Immanuel Quickly currently shooting .915 from foul line
By Dr. John Huang
Kentucky’s prowess at free throw line is something Calipari looks to exploit
(LEXINGTON, Ky.) – Swish! Swish!
Long-term, die-hard Kentucky Basketball fans have noticed something distinctly different about this year’s team. They’re good at shooting free throws. In fact—prior to the game against LSU—this year’s Wildcat team had a collective shooting percentage of 78.9% from the charity stripe. That’s over ten percentage points higher than that of their opponents.
For Kentucky coach John Calipari, that works out to a decided advantage. It’s a luxury he hasn’t had throughout much of his coaching career. Calipari’s teams have traditionally been fair-to-middling from the free throw stripe. If you remember back to his days at Memphis, misfires from the line essentially cost him the national championship in the title game against Kansas. Likewise, his time at Kentucky has also been riddled with botched free throws at crucial times resulting in missed opportunities. Can anybody say P.J. Washington?
Best free throw shooting team ever?
This year’s squad under Calipari has the opportunity to go down as the best free throw shooting team in school history. His best previous free-throw shooting team at Kentucky shot “only” 72.6% in 2014-15. The 2013-14 squad actually averaged the most trips (28.7) and makes (19.5) per game than any other. There’s still a long way to go in this season, but UK’s current free throw percentage (475-602) is ahead of the school record of 77.6% set by the 1978-79 team.
One of the stars of that 1978-79 UK team was Kyle Macy. The legendary Kentucky icon with the perfect hair and dry socks averaged 88.98% from the foul line over his entire Wildcat career. You may recall that Macy also coached at Morehead State after his playing days were over, so he knows a thing or two about the often-neglected aspect of free throw shooting.
“I don’t know why it’s so neglected,” he recently told me. “Free throw shooting has a huge impact on most game outcomes. No matter early or late in the game—by making free throws—you eliminate empty possessions and don’t give opponents opportunities to cut into leads or make a comeback. The importance becomes even more magnified in the NCAA Tournament because of the importance of each game.”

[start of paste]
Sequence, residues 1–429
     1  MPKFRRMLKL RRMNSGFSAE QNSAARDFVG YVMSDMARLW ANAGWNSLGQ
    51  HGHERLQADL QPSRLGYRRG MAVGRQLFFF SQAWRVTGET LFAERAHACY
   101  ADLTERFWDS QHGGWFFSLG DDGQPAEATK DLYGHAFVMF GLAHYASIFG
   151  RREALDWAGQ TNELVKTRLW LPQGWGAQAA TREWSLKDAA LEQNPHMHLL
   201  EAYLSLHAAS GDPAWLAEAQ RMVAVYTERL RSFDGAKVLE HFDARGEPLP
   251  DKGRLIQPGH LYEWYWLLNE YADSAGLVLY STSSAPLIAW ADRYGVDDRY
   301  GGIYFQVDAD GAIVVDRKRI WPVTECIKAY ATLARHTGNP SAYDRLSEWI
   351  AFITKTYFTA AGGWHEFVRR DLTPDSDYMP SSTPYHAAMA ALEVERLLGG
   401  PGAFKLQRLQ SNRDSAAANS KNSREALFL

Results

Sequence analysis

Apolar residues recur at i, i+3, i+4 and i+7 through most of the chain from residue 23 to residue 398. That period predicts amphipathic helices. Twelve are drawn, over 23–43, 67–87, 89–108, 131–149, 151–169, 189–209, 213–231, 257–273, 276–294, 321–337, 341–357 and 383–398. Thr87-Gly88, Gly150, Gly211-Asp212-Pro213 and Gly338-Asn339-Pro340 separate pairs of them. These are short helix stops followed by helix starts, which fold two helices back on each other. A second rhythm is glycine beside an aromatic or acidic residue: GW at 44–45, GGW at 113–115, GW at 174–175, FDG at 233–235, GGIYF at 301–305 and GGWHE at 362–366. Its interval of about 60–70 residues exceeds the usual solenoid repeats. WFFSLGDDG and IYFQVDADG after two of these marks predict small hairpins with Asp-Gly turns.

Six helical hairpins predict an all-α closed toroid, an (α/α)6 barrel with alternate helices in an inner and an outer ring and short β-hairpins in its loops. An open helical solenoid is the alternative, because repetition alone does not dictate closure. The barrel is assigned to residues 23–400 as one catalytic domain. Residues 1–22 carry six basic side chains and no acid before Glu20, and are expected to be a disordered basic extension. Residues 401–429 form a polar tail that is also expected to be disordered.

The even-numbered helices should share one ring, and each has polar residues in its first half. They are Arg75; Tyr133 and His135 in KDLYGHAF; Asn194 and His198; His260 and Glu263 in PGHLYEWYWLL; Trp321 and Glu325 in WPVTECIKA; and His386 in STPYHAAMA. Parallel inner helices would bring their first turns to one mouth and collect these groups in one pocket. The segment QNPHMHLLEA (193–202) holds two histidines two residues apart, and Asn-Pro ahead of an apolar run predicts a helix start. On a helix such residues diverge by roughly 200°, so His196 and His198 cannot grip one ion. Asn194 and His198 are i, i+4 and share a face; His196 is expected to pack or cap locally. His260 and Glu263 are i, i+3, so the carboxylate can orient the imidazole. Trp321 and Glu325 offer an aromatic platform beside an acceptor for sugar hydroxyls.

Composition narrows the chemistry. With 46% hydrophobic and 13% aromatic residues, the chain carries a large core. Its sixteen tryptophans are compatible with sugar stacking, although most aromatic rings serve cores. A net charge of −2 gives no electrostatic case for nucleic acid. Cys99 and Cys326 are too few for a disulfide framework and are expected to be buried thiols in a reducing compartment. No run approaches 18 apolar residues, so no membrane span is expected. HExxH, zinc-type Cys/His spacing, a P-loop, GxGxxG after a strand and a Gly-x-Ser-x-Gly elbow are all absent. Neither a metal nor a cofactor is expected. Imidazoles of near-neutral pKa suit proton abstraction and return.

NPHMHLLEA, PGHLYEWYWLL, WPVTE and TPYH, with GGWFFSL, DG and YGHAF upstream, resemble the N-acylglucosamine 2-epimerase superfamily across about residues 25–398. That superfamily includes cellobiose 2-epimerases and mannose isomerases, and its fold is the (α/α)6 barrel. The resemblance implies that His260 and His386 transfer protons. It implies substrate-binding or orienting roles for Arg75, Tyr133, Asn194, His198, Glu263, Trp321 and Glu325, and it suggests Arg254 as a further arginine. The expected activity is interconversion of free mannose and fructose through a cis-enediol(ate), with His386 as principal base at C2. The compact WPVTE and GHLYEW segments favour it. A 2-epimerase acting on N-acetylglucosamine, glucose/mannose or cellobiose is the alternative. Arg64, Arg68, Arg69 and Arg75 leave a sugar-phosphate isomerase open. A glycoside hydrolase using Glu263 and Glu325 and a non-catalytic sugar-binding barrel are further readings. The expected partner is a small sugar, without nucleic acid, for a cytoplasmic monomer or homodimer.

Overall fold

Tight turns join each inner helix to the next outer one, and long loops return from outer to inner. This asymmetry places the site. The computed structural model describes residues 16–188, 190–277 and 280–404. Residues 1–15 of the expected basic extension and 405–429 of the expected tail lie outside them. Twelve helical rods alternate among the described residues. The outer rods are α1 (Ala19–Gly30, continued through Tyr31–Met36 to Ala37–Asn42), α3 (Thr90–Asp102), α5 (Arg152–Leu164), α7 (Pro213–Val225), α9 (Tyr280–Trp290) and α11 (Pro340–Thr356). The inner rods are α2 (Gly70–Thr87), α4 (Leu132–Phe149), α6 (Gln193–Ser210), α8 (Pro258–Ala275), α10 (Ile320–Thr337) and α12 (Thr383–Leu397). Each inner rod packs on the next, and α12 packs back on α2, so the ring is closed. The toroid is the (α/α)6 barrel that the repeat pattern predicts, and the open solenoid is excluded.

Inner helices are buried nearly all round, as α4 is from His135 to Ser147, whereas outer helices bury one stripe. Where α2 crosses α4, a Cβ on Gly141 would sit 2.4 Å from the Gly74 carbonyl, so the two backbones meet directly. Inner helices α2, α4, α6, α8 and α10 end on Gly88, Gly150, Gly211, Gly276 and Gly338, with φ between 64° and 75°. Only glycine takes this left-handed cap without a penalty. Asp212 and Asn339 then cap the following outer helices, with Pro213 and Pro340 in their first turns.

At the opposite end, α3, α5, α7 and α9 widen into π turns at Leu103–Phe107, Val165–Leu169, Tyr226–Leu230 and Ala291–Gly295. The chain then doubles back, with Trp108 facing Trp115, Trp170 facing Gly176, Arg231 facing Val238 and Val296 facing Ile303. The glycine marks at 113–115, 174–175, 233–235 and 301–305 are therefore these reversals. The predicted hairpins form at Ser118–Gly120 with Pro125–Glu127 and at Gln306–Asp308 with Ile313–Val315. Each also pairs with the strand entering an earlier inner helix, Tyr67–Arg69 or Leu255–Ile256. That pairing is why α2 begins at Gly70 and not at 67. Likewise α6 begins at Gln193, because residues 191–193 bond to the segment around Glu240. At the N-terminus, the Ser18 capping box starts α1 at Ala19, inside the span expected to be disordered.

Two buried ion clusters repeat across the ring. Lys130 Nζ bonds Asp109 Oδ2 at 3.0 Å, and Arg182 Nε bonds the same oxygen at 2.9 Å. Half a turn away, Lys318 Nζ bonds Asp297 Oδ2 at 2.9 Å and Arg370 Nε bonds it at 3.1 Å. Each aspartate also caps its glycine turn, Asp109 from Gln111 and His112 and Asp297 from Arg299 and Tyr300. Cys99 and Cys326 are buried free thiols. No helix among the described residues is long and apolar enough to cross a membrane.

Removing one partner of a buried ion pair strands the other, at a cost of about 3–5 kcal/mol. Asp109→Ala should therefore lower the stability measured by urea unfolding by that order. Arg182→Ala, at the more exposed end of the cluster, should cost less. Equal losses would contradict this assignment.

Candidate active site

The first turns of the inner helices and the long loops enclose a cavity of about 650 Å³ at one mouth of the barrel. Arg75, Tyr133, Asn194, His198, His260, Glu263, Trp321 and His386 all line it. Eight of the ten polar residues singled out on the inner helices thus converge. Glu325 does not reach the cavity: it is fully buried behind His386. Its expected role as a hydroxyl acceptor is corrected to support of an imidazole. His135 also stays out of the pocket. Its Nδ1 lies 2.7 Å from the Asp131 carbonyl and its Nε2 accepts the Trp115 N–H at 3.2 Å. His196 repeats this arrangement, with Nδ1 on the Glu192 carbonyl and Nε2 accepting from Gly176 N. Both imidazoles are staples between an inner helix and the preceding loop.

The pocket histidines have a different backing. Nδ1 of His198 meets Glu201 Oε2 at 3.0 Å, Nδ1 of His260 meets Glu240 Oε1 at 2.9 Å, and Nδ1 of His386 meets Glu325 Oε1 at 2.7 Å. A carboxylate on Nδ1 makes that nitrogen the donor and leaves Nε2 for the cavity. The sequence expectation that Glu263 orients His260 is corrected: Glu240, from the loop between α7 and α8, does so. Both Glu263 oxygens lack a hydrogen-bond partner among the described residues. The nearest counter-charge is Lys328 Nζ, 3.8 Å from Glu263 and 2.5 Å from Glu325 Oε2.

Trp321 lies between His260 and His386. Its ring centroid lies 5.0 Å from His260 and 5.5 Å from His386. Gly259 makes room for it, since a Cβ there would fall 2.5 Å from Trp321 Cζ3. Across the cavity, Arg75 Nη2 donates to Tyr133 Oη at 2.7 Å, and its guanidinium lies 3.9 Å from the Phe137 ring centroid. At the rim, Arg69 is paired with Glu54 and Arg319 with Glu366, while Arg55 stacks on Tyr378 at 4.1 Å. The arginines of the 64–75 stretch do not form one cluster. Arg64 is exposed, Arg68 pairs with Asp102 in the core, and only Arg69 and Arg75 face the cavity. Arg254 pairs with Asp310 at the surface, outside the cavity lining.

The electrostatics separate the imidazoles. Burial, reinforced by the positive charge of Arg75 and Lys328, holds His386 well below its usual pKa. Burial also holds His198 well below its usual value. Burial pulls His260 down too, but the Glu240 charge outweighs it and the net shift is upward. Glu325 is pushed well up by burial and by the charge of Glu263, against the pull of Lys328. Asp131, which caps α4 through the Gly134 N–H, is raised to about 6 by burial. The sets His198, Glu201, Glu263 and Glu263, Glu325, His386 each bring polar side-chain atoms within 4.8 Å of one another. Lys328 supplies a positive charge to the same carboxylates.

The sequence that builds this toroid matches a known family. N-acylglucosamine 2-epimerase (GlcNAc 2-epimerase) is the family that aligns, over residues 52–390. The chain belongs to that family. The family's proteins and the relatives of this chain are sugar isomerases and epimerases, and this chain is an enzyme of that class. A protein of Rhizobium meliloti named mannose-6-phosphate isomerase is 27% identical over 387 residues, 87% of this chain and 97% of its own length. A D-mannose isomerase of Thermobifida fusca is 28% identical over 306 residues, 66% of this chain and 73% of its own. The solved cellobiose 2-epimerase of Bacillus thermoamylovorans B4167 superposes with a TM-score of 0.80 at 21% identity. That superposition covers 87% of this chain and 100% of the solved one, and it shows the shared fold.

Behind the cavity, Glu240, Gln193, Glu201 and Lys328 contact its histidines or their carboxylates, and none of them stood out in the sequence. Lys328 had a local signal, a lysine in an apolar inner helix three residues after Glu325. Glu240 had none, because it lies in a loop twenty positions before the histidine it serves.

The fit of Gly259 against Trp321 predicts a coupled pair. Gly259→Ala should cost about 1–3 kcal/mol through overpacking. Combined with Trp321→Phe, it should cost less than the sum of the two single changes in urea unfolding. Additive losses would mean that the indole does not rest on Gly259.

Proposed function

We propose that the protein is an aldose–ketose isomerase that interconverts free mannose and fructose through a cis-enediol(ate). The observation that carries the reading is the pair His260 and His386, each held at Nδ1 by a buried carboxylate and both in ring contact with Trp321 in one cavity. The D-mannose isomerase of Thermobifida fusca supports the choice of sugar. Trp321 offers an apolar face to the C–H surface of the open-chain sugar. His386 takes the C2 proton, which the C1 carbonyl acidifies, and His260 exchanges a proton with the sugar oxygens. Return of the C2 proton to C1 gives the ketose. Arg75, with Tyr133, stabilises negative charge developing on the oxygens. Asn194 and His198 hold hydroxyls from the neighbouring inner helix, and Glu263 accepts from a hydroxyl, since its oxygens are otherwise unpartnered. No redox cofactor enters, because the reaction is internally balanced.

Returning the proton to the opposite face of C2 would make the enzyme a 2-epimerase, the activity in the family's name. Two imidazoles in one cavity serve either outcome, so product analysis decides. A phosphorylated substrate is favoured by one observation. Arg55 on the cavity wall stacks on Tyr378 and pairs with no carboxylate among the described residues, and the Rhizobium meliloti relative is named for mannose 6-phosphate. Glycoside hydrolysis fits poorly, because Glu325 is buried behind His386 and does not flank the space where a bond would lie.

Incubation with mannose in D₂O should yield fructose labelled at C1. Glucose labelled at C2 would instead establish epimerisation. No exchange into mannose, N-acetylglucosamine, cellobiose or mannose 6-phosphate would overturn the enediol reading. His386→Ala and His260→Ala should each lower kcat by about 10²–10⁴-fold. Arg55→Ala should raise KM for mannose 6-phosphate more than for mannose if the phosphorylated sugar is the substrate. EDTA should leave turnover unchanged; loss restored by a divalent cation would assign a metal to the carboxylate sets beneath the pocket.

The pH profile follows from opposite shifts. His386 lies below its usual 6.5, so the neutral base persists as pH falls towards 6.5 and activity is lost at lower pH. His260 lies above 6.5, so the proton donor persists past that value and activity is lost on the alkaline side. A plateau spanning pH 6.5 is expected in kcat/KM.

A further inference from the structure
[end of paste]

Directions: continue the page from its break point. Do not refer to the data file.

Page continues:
You are what your stats say you are
That fact is not lost on John Calipari. Having the luxury of so many outstanding foul shooters (Immanuel Quickley .915, Tyrese Mazey .823, Nate Sestina .767, Ashton Hagans .809, Johnny Juzang .833, Nick Richards .752) has caused the hall of fame coach to rethink his strategy going down the stretch in close games.
“That’s why you don’t want to take a quick contested jump shot,” Calipari explained. “You’re a great free throw shooting team…we are a team that wants to get fouled. We want to go to the rim. We want to post the ball. That’s how we play. Someone says, ‘Why don’t you take thirty threes?’ Because we’re a great free throw shooting team. Most of the time, we’re going to get to the line more.”
Why is this team so good at the line?
Why the sudden improvement this year in free throw fortunes? Calipari claims it has nothing really to do with a change in coaching or practice routines. He says he hasn’t been doing anything different. “Recruiting better shooters,” he once quipped.
Assistant coach Joel Justus thinks it has more to do with the players’ current mindset than anything else.
“I think we have guys that are confident,” Justus said after a recent practice. “I think that they have had demonstrated performance of success making free throws in games. And that’s really the biggest thing is when you make them in games, you’re really going to feel confident stepping up. I think that when you look at Nick Richards, you talk about Ashton Hagans, you talk about Immanuel Quickley—guys that have the ball and have been in big-time situations—they’re going to be comfortable.”
You can teach old dog new tricks
Macy, who shot 91.23% from the line his senior year, said it is possible to improve your percentage through perfecting your technique. In other words, practice, practice, and more practice!
“We led the nation in free throw percentage several times when I was at MSU,” Macy added. “One year, the first exhibition game after we had led the country in free throw percentage, my team shot 2-of-19 from the line. Needless to say, I wasn’t happy. So all that week, I made everyone shoot using the same simplified routine we had worked on. The next game we were 19-of-21. Granted, it’s important the right people get to the line, but if all five playing shoot them well, it puts so much added pressure on the opponent.”
That kind of pressure is what Kentucky fans want to see. If this year’s team wins the national title, you can bet your bottom dollar that there will be some critical “made free throws” during the road to the championship.
Parts of this posting appeared in print publications of Nolan Group Media and Sports View America.